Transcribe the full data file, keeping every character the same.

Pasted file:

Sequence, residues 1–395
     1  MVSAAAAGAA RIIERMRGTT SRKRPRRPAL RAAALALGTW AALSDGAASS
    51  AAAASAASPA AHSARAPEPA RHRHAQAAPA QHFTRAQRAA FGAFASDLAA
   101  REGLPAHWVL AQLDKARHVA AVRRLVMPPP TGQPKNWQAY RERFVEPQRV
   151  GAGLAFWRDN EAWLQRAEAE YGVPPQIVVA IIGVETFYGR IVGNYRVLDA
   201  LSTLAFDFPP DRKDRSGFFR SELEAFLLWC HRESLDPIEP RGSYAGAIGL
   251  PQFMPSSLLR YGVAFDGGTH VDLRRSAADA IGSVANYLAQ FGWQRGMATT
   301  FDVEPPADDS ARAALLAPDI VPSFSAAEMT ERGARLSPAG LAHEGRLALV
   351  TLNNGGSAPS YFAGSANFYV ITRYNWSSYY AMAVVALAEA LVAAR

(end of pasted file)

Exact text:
Sequence, residues 1–395
     1  MVSAAAAGAA RIIERMRGTT SRKRPRRPAL RAAALALGTW AALSDGAASS
    51  AAAASAASPA AHSARAPEPA RHRHAQAAPA QHFTRAQRAA FGAFASDLAA
   101  REGLPAHWVL AQLDKARHVA AVRRLVMPPP TGQPKNWQAY RERFVEPQRV
   151  GAGLAFWRDN EAWLQRAEAE YGVPPQIVVA IIGVETFYGR IVGNYRVLDA
   201  LSTLAFDFPP DRKDRSGFFR SELEAFLLWC HRESLDPIEP RGSYAGAIGL
   251  PQFMPSSLLR YGVAFDGGTH VDLRRSAADA IGSVANYLAQ FGWQRGMATT
   301  FDVEPPADDS ARAALLAPDI VPSFSAAEMT ERGARLSPAG LAHEGRLALV
   351  TLNNGGSAPS YFAGSANFYV ITRYNWSSYY AMAVVALAEA LVAAR